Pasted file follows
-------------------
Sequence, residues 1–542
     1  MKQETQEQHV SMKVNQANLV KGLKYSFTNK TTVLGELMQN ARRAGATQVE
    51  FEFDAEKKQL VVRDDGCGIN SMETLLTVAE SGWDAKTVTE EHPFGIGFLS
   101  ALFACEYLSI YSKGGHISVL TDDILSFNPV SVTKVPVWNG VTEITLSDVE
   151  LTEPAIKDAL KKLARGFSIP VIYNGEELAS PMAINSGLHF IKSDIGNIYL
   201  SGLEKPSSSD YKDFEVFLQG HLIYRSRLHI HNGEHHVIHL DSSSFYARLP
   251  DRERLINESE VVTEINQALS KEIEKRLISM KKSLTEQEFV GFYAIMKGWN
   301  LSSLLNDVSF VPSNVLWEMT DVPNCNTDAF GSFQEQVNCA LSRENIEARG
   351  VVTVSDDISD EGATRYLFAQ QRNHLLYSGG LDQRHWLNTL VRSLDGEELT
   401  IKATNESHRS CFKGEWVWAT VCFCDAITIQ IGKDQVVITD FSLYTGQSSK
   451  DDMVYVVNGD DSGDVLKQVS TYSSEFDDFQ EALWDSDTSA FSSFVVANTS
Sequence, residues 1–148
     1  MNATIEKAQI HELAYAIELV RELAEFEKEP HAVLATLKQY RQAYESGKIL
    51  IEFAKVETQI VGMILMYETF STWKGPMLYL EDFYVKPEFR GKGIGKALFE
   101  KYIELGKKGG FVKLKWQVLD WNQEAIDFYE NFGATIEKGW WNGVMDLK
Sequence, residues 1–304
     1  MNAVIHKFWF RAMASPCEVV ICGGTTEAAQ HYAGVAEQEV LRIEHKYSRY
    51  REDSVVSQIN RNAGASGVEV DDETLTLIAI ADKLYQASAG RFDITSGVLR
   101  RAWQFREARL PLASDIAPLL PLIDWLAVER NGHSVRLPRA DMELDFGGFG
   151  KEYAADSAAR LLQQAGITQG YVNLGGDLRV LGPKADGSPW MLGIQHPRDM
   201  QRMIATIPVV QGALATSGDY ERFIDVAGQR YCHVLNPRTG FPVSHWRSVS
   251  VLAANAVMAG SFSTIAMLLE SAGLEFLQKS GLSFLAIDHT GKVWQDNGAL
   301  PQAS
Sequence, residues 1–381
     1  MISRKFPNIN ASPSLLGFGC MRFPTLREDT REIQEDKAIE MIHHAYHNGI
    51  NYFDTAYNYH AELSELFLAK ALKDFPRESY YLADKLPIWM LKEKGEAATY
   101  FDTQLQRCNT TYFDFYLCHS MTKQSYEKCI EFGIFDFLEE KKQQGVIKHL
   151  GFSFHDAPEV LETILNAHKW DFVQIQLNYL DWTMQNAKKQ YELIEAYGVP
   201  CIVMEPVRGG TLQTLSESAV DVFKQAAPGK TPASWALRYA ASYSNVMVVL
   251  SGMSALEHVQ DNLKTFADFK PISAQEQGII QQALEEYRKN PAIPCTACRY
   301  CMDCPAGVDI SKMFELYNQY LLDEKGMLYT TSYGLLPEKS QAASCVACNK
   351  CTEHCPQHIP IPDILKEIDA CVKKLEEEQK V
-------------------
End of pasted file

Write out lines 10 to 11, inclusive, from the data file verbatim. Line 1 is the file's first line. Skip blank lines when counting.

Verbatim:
   401  IKATNESHRS CFKGEWVWAT VCFCDAITIQ IGKDQVVITD FSLYTGQSSK
   451  DDMVYVVNGD DSGDVLKQVS TYSSEFDDFQ EALWDSDTSA FSSFVVANTS